Courtesy of: Luke Gardner

Wild Olympia baby oysters are back in Elkhorn Slough

Researchers celebrate the success of a pioneering conservation aquaculture project
Ute Eberle


Good news: The oysters in Elkhorn Slough are having babies again. For the first time in over a decade, researchers last fall found wild juvenile oysters in the tidal estuary 100 miles south of San Francisco. The discovery came after conservationists outplanted close to 200,000 oysters grown in a pioneering conservation aquaculture project.

Elkhorn Slough, which extends inland for seven miles in the middle of Monterey Bay, used to host plentiful Olympia oysters (Ostrea lurida) or “Olys”, the West Coast’s only native oyster species. “Indigenous people harvested them here sustainably for millennia,” says Kerstin Wasson, Research Coordinator at the Elkhorn Slough National Estuarine Research Reserve. Wasson’s Olympia oyster restoration project was funded by the California Ocean Protection Council, the California Department of Fish and Wildlife, and the National Oceanic and Atmospheric Administration and received support from California Sea Grant.


Vanishing oysters

Pollution, a lack of tidal exchange due to human-built levees and overharvesting as California’s population grew have ravaged Olympia oyster populations. It’s a fate they share with other oyster species. Globally, an estimated 85% of natural oyster reefs have vanished over the past century, surpassing the decline in coral reefs. 

Freshly hatched oysters are only a little bigger than a grain of sand
Freshly hatched oysters are only a little bigger than a grain of sand. Courtesy of: Luke Gardner

And while some aquaculturists grow oysters along California’s coast, they cultivate non-native species such as the Pacificoyster (Crassostrea gigas), which was introduced from Asia, due to its faster growth and bigger size.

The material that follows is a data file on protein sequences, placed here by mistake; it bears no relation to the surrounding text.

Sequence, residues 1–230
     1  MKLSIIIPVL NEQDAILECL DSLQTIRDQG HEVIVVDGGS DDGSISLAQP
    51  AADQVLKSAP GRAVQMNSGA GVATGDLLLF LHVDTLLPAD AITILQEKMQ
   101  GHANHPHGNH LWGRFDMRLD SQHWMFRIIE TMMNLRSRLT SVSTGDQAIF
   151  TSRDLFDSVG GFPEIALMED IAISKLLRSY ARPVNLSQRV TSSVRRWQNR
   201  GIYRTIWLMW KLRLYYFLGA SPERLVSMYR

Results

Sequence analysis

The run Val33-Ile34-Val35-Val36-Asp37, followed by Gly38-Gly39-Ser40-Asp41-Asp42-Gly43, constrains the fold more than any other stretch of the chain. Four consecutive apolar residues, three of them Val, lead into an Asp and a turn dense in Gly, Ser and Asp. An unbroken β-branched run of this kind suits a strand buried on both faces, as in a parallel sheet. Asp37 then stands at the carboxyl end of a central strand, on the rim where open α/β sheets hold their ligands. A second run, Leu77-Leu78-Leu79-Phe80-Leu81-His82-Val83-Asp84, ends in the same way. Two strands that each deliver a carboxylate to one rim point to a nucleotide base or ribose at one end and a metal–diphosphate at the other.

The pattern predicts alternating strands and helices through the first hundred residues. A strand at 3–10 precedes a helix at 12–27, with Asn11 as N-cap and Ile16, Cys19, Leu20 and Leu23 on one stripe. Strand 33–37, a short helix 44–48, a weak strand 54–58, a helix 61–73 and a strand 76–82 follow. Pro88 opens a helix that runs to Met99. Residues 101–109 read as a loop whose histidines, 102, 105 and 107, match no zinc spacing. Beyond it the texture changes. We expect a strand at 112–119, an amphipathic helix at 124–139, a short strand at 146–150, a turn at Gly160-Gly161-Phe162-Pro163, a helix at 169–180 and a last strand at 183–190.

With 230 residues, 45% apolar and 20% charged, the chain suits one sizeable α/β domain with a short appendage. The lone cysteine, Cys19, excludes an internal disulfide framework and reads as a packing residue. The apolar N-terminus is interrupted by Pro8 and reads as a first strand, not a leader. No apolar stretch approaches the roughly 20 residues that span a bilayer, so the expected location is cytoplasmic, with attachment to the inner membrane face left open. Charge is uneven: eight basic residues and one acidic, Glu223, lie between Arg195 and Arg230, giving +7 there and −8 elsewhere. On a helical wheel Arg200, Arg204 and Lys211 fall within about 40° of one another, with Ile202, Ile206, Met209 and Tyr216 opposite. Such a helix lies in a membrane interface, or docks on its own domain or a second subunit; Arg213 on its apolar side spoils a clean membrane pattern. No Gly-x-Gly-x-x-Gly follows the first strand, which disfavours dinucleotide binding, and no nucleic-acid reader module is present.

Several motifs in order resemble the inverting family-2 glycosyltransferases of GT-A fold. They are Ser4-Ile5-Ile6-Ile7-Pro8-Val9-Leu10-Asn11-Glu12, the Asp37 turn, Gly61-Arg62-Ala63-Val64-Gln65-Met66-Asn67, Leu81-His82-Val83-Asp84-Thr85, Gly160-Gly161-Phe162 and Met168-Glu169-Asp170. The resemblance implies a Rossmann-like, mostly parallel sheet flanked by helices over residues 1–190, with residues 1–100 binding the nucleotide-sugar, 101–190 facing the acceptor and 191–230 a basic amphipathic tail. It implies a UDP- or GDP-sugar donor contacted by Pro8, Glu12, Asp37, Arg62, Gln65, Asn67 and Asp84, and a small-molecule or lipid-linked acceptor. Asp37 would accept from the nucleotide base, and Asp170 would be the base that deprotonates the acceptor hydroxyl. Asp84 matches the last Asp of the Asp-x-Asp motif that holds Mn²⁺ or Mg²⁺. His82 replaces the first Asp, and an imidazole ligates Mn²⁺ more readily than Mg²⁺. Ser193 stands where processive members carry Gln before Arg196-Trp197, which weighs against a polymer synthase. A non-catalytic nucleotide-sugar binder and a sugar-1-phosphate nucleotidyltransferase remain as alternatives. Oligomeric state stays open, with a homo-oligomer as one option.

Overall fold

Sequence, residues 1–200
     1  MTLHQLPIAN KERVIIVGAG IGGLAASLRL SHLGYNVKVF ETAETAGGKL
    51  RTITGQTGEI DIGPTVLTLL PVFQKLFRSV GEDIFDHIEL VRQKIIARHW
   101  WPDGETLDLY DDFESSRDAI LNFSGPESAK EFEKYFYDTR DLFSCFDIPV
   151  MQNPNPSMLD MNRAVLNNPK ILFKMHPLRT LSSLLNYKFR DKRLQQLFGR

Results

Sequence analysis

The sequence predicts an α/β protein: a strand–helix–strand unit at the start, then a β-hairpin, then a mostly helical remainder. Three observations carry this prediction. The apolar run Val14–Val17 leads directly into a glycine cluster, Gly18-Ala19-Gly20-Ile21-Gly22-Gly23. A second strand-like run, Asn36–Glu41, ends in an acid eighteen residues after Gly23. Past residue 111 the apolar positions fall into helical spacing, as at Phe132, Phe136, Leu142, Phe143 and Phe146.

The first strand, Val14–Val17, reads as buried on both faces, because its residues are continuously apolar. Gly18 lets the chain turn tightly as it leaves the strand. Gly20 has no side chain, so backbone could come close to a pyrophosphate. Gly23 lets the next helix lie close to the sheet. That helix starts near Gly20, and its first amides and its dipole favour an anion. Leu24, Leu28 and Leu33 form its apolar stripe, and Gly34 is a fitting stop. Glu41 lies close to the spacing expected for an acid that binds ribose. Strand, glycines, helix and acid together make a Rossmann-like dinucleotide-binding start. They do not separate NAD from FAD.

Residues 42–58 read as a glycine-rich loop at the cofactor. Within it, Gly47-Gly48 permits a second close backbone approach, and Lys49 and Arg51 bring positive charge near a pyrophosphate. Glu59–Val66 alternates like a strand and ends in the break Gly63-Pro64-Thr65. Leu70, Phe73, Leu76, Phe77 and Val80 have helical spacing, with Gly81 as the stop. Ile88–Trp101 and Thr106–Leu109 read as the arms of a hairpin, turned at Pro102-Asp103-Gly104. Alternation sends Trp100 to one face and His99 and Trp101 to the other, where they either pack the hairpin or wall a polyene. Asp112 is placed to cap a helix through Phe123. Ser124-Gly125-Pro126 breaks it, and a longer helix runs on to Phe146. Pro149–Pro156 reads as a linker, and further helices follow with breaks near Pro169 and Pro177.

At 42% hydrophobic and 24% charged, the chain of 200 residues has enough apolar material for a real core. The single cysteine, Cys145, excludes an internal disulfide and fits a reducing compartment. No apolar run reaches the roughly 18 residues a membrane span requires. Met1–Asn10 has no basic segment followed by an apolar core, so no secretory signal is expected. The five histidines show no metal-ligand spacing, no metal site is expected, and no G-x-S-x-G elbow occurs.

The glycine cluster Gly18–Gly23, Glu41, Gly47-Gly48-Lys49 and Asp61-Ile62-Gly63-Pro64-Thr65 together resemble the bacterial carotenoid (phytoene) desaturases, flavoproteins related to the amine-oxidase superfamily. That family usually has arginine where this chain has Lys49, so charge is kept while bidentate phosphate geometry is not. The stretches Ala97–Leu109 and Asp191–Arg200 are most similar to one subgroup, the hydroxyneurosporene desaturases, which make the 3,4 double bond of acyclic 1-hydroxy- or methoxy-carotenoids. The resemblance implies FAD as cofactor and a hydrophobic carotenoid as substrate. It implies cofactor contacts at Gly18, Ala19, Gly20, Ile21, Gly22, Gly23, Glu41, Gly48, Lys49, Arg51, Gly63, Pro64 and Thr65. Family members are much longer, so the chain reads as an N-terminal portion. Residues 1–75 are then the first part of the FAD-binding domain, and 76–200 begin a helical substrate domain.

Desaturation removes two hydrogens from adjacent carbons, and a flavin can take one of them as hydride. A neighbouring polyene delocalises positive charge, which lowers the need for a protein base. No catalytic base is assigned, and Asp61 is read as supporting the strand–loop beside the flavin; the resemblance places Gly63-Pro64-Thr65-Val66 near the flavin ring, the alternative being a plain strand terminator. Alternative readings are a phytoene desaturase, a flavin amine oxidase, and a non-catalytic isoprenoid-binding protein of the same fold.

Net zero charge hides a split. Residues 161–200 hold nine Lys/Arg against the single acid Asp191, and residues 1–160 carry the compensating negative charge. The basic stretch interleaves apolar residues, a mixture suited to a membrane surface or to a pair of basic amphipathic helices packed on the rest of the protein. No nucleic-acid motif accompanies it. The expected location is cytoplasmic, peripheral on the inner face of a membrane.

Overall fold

By 2018, Elkhorn Slough’s Oly population had plummeted to fewer than a thousand, distributed along the seven miles of this backwater. Reproduction ceased. Oysters spawn into the water, and at such low densities, their sperm becomes too diluted before it reaches another oyster, says Jacob Harris, who participated in the project as a master’s degree candidate at the Moss Landing Marine Laboratories of San Jose State University (MLML) in Monterey Bay. “Because oysters can’t move they must rely on oysters nearby to fertilize their eggs.”

Starting in 2012, researchers surveying the slough had become unable to find juvenile oysters. And those mollusks they did encounter were growing old. “Most oysters probably don't even live six years, so local extinction was becoming a real danger,” says Wasson.


Using aquaculture to aid conservation

Deciding that the slough’s Olys should not disappear on her watch, Wasson reached out to California Sea Grant Extension Specialist Luke Gardner, who is based at MLML, with an ambitious proposal: to establish the first conservation aquaculture project for oysters in California.

Conservation aquaculture uses the same basic techniques as commercial aquaculture, which today grows about half of the globally consumed seafood. This makes some conservationists uneasy. 

Opponents fear that rearing wild species in captivity, even for restoration, can reduce genetic diversity since often only a small portion of a population is propagated. Such reduced genetic diversity can make a population more vulnerable to changes in the environment or climate.

However, proponents argue that, if done well, the approach can help endangered fish and mollusks recover. White sturgeons and white abalone are among the species that have gotten a boost from restoration aquaculture in recent years. “The metaphor we use is greenhouses, in which you grow native plants,” says Wasson. “We collect seeds from wild plants, we grow them in the greenhouse, then we plant them out.”


"We turned the lights down low, maybe added some music, and the oysters spawned."

 In 2018, Moss Landing researchers started going to Elkhorn Slough once a year to “borrow” several hundred mature oysters on average from different locations and take them to the hatchery facility.